In addition, there is enough history and stories surrounding this church – how could it be otherwise in Scotland – to give this attraction an air of mystery. Not least through a connection to the Knights Templar, which was established by the film “The Da Vinci Code – Sacrilege” – albeit purely fictitiously.
Another tale revolves around one of the stonemasons who laid out the fantastic interior of Rosslyn Chapel. He probably slew one of his apprentices because he was better than he was. The faces of both persons are immortalised in the decorations.
A little tip, moreover, is to walk to the nearby ruined Rosslyn Castle. It overlooks a deep gorge.
(Note: I can’t show you a photo of the inside because photography is forbidden there – and I abide by that.)
10 | Glen Coe
That’s why you have to see Glen Coe:
It is simply the glen in Scotland. With high mountains, deep valleys and tragic Scottish history.
More of it:
Glen Etive is a branch of Glen Cloe and also a top attraction. However, the road here is a little more difficult to drive. On the other hand, you pass the place where James Bond gazed into the valley with M. A famous photo by now that is often reenacted. A famous photo by now, which is often re-enacted.
Glen Coe belongs in the list of top attractions because it certainly offers one of the most beautiful settings – it can be driven through by car or, for those with more time, explored on foot, including proper mountain walks if desired.
Along the road there are always lookout car parks – you should also head for these, because away from these car parks it is now forbidden to stop in the valley. The viewpoints, however, are quite adequate. Coming from the south, Glen Coe begins with a climb, at the top a view of the mountains behind and Loch Tulla further down. Then it’s a bit through the southern foothills of Rannoch Moor and finally through the valley itself. Again, there are several opportunities to stop before heading back down. At the north-west end of Glen Coe there is a Visitor Centre where you can rest or visit an exhibition. The drive through the valley ends at Ballachulish.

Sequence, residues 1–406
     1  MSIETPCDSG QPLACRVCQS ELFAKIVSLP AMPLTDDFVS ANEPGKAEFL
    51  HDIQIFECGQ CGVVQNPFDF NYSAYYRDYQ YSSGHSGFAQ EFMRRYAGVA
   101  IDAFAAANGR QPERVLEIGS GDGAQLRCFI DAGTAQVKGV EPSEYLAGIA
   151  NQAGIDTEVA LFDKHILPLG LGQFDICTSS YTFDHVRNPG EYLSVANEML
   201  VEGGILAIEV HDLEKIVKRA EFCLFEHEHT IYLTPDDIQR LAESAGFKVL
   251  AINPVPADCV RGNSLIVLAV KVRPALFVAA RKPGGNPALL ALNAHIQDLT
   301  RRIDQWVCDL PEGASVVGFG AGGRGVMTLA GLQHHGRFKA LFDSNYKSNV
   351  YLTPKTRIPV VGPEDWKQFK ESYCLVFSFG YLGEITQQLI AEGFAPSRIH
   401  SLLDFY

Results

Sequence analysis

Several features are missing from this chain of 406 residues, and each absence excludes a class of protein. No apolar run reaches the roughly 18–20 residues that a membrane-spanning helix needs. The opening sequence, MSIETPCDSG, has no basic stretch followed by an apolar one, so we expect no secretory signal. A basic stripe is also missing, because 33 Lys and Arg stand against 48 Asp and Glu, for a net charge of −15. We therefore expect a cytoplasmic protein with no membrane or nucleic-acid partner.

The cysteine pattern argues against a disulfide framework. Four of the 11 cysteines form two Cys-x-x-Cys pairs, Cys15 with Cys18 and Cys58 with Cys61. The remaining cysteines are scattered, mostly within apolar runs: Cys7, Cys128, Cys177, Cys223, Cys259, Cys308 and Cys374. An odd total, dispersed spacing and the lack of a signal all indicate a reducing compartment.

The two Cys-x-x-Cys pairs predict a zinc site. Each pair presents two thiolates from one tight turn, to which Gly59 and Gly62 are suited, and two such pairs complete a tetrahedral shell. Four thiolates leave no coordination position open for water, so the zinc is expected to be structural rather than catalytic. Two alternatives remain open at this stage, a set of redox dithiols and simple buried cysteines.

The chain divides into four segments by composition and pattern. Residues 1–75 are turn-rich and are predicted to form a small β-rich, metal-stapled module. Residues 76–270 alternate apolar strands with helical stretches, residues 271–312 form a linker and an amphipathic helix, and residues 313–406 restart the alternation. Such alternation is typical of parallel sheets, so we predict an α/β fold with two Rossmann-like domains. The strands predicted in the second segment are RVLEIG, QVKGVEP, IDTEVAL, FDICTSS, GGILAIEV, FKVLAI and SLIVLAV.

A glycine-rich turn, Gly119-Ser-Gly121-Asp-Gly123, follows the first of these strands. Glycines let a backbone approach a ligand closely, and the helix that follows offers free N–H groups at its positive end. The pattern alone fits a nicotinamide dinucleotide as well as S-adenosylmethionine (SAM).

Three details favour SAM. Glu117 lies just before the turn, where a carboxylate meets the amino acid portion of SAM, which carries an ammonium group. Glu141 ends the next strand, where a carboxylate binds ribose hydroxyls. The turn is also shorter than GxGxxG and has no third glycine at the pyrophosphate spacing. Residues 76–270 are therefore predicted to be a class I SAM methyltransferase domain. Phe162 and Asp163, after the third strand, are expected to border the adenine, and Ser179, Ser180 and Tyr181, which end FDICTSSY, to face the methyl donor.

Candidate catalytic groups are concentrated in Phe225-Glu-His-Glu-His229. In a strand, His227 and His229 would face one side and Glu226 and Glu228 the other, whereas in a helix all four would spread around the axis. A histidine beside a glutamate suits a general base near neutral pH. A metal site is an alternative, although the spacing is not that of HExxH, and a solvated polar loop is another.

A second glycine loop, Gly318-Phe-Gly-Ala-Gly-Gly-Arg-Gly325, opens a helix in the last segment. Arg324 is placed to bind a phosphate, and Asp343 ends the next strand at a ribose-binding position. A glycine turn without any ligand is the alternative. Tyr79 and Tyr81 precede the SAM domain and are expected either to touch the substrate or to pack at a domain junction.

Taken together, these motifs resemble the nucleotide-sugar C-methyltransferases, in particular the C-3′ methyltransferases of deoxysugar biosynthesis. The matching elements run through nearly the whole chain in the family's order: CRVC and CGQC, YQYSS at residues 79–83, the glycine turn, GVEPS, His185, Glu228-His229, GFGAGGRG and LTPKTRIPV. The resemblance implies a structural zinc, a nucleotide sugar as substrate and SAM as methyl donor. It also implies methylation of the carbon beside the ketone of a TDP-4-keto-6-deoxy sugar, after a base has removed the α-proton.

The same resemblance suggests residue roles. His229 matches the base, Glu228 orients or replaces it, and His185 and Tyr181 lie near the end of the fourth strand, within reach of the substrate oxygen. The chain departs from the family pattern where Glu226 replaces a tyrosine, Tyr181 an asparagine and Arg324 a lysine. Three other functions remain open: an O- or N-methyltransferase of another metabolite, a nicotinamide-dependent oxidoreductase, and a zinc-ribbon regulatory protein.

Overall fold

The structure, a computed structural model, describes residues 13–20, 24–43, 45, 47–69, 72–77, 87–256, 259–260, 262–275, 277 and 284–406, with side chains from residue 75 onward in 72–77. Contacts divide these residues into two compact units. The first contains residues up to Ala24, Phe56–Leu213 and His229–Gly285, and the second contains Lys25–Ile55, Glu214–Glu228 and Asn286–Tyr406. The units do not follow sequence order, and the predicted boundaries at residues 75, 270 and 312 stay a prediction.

Glen Coe, by the way, has a tragic history: it was here that members of the MacDonald clan were murdered by government troops, led by Campbells.
If you have seen the series Outlander: The beginning of the opening credits also show Glen Coe. And in Harry Potter, Hagrid’s hut is also here
11 | National Museum
This is why you must see the National Museum:
All about Scotland in a modern and interactive museum. Also, one of the most beautiful attractions is the Victorian Hall.
More of it:
In Glasgow the Kelvingrove Museum, in Dundee the new V&A Dundee for Design. Both with great architecture and interesting exhibitions.
Opening hours:daily 10:00-17:00
Everything Scotland in one place. From early times with the first settlers to groundbreaking scientific developments like the cloned sheep Dolly. The National Museum in Edinburgh brings all this to you on several floors. Not only with artefacts on display, but also interactive and multimedia. Due to its size, you should take your time at the National Museum, at least a few hours. Optimal on rainy days in Edinburgh.
But it is not only the exhibitions that make the museum in the Scottish capital a top attraction; the building’s architecture is also magnificent. On the one hand, there is the Victorian main hall with its glazed arches, on the other hand, the new building also makes the hearts of lovers of younger architecture beat faster.
By the way, from the roof terrace you can get a good view over the rooftops to Edinburgh Castle. And the brilliant thing is that, as in many Scottish museums, admission is free here too.
12 | Stirling Castle
This is why you must see Stirling Castle:
The fated castle of the Scots. Huge and with history vividly portrayed.
More of it:
Edinburgh Castle is also very large and offers just as much history.
Opening Hours: High Season 09:30-18:00
Admission: Adults £16, Children £9.60
Whoever owned Stirling Castle could almost single-handedly control access to the north. No wonder, then, that the castle, perched on a high cliff, was built into a formidable bulwark. Because it was so important, it was repeatedly besieged and occupied by English and Scots in turns between the 12th and 14th centuries. Names like William Wallace and Robert the Bruce are closely interwoven with the fate of the castle.
Stirling Castle appears accordingly – a true fortress from the Middle Ages. Inside, however, it also shows the stately side. For the Stuart kings resided here time and again. This can be seen in the wonderful carvings and ornate wall hangings.
One other thing that makes Stirling Castle worth seeing is the views over the surrounding area and Stirling itself, which lies at its foot.
By the way, not far away is the Wallace Monument, which commemorates the Scottish independence hero. Also well worth seeing.